What’s up? The Friday links (57)

On Monday morning, a M4.7 strike-slip earthquake rocked the Anza area, California. The quake occurred at the San Jacinto Fault Zone and was widely felt. As there are not many people who know the San Jacinto better than Tom Rockwell, I recommend to read this short interview. The LA Times has more info on the quake

USGS Shake map (Credit: USGS)

Jahns lecture by Jim McCalpin on paleoseismology

On Monday, 18 March, Jim McCalpin will give the Jahns lecture at George Mason University in Fairfax, VA. This is a unique chance – you will not only learn about old earthquakes, but also enjoy free pizza and beverages!

Tōhoku 2011 earthquake registered from space

The M9.1 Tōhoku EQ of March 2011 was so powerful, that the sound waves (well, elastic waves) were registered by GOCE satellite orbiting at 260 km above ground! Read the Nature letter for the story.

Preparing for the mega-quake in the Pacific Northwest

The Pacific Northwest will likely face an earthquake as strong as Japan’s 2011 event – we know about a number of earthquakes with ~M9.0 that happened in the past there, and at some day in the future this area will be rattled again. The Seattle Times has a frightening article on disaster planning. HT @ManuelSintubin (please, follow him on Twitter, you will not regret it).

Colorado flooding controversy

Once in a while, the Colorado River downstream Lake Powell is flooded artificially to clean up the river banks and to re-distribute the sediments (establish new sandbars). Now there is an intense discussion if this is good or bad – the sandbars are needed by some animals, but other “bad” or unwanted species like the occasional flooding, too

Heavy storm fractures polar ice sheet

Dan Satterfield at the Wild Wild Science Blog wrote a very interesting post about an Arctic storm that fractures the arctic sea ice cover – fascinating imagery!

Credit: National Snow Ice Data Center


Mars was habitable long time ago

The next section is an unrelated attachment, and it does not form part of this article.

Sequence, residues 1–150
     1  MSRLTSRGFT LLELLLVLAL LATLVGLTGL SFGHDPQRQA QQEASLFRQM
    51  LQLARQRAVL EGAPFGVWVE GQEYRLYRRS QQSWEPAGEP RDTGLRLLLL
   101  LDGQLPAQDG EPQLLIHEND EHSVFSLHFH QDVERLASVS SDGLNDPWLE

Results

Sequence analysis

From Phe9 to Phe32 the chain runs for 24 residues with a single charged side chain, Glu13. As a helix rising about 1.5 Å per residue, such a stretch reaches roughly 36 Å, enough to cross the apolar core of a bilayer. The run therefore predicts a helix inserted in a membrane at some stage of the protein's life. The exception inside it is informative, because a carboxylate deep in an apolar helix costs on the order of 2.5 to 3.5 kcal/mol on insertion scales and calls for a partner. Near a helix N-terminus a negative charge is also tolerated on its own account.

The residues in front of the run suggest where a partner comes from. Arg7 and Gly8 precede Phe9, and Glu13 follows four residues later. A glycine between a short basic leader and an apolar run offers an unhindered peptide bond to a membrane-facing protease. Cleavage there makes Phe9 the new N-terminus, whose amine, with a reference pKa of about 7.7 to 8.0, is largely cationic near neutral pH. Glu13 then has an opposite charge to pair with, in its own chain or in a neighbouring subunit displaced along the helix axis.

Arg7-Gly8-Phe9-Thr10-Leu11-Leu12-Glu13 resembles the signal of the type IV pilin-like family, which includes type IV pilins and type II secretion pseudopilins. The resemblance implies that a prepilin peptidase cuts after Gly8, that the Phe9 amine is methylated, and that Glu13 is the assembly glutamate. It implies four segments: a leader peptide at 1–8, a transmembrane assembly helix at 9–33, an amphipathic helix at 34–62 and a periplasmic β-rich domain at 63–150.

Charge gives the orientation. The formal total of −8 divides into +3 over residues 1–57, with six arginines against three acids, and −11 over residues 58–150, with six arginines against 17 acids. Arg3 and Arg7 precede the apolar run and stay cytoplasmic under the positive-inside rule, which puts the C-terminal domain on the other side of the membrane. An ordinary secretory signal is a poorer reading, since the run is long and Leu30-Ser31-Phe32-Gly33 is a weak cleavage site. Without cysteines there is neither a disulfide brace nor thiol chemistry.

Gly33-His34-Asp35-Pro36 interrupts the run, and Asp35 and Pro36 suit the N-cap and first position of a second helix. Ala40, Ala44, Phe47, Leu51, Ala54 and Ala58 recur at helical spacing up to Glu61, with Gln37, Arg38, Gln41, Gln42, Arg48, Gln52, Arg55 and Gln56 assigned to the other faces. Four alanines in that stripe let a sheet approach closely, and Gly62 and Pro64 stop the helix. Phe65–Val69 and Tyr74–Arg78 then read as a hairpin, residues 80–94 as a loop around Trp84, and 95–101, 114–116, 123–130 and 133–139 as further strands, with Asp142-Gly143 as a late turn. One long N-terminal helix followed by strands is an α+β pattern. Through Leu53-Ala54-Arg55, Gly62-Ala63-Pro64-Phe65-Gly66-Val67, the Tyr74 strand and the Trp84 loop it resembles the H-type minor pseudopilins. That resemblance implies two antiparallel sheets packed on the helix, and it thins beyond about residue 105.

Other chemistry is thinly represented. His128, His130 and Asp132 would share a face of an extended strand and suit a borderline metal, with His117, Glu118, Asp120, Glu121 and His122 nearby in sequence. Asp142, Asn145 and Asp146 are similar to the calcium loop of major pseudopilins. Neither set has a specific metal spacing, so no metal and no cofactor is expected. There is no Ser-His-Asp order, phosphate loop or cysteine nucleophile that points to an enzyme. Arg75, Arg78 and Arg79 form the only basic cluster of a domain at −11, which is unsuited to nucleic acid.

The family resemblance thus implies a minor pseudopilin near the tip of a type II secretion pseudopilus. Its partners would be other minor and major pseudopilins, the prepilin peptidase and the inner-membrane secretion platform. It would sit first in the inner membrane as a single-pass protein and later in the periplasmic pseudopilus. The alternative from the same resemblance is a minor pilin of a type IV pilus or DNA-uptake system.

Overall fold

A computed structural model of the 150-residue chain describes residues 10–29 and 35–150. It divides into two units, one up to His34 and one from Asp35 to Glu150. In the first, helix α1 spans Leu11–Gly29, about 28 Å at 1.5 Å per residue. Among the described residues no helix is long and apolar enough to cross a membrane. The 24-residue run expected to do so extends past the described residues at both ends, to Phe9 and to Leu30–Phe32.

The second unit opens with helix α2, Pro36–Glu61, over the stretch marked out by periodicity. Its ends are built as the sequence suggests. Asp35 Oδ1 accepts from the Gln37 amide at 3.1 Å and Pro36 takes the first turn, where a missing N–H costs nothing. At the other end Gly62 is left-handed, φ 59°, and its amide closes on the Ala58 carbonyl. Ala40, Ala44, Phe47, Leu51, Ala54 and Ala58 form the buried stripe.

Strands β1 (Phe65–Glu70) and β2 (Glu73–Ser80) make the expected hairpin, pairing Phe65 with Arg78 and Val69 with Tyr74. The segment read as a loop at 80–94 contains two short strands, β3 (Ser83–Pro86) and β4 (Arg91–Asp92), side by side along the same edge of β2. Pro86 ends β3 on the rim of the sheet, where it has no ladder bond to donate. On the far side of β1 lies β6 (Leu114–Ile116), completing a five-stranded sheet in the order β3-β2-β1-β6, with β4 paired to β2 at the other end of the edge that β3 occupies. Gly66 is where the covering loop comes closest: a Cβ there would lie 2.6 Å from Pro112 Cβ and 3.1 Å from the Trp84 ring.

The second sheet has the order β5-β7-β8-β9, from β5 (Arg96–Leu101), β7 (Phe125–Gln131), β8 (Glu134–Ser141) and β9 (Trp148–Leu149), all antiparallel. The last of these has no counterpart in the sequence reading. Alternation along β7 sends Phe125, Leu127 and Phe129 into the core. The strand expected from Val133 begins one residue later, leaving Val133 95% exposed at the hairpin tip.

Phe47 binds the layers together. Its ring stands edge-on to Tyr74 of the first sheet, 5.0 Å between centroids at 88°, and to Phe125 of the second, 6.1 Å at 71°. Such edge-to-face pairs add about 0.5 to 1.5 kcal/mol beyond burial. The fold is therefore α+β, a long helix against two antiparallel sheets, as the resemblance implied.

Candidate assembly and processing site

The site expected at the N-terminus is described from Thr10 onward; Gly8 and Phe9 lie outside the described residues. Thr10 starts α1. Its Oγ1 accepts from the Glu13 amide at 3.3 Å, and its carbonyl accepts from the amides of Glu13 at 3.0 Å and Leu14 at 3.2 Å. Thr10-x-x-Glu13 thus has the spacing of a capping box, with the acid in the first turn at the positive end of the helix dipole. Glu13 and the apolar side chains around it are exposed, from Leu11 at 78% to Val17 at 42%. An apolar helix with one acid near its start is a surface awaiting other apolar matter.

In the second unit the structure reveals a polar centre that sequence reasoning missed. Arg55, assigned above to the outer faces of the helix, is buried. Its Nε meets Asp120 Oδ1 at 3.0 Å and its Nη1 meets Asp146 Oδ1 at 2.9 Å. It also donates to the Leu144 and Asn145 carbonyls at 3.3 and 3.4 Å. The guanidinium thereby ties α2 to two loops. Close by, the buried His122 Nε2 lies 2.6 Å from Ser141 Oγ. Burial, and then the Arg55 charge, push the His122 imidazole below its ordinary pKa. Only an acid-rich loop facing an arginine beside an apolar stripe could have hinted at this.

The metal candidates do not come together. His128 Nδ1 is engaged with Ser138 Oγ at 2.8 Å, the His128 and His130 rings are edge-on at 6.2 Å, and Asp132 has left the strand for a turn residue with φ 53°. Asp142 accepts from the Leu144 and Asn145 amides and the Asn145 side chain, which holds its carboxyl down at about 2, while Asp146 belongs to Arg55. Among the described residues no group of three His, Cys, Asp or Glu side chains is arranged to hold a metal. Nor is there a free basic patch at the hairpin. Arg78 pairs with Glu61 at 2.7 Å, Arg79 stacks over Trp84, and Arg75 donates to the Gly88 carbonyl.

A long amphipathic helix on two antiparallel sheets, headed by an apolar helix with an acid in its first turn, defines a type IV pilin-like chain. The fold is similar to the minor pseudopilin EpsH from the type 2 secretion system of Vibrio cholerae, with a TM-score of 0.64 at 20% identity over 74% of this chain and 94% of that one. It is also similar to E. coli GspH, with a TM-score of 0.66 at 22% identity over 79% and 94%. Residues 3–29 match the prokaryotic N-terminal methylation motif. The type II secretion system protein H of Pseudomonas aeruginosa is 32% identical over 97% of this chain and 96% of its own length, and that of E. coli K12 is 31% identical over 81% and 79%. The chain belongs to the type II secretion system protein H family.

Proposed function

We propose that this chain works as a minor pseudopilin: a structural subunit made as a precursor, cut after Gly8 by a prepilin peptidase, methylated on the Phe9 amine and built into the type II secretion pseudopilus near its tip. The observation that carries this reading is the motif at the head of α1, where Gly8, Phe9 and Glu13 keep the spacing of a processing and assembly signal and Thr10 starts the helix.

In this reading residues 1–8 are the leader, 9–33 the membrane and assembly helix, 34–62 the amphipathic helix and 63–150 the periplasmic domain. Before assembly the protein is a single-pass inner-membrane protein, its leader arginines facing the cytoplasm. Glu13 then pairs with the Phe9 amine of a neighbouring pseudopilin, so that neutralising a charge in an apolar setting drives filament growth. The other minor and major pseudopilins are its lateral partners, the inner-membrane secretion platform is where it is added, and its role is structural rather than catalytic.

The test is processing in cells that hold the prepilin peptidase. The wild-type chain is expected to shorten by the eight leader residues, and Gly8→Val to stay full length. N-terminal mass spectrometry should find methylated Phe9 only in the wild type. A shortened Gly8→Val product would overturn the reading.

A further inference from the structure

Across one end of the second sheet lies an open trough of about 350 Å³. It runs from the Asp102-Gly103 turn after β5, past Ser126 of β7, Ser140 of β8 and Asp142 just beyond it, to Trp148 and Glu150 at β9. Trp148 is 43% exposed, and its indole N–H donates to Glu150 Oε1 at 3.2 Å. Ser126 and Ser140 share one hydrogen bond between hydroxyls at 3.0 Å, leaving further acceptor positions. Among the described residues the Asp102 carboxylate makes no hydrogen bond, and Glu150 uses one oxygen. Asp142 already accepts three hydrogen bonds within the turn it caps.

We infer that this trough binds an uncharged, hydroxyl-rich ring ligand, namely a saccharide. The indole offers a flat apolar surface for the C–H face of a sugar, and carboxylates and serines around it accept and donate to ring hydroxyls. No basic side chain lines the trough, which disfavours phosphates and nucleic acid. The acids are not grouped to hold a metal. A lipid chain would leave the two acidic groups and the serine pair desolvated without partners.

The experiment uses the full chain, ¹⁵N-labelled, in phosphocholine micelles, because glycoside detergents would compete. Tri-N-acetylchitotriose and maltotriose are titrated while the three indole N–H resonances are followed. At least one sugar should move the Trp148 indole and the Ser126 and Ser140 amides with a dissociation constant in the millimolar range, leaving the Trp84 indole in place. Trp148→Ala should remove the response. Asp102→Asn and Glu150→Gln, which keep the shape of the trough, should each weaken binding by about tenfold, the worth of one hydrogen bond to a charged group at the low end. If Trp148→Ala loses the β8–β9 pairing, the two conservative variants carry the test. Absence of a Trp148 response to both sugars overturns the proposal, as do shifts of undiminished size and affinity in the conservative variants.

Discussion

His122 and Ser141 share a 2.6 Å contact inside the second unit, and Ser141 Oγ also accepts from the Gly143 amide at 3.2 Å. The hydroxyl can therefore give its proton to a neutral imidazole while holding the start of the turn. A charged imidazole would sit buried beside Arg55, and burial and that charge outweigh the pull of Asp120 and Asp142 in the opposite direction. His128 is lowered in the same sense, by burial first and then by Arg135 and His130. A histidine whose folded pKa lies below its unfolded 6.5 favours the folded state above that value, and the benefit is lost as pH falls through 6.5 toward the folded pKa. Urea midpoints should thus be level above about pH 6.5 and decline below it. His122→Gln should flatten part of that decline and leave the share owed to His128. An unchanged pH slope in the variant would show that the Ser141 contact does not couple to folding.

The most spectacular news in Geology Marsology is that the rock sample drilled by Curiosity revealed that the Red Planet once had habitable conditions. I feel it’s only a small step until we can finally prove extraterrestrial life. Curiosity, please drill into a Martian Dinosaur bone next time!

Popocatépetl is active again

The Popocatépetl can bee seen from Mexico City and frequently reminds the +25,000,000 people of its hidden, but well known powers. Currently, a nice ash plume is rising form its summit.



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Sinkholes in Florida

You’ve probably heard the tragic news of the Florida man swallowed by a huge sinkhole. So, please have a look at this map from the Florida Geological Survey with all the known sinkholes of Florida – they are basically everywhere!

Where on GoogleEarth #375 still to be solved

If you have some time to kill, have a look at WogeKubi’s Where on Google Earth? – WoGE#375!

Earthquake drill in Basel, Switzerland

in 1356, the city of Basel was destroyed by an earthquake that reached intensity X. This was one of the strongest documented events in Central Europe. An international earthquake drill has now been held in Basel, assuming a magnitude 6.6 event to occur near the city.

Have a nice weekend and beware of groundhogs!



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Christoph Grützner

Christoph Grützner

works at the Institute of Geological Sciences, Jena University. He likes Central Asia and the Mediterranean and looks for ancient earthquakes.

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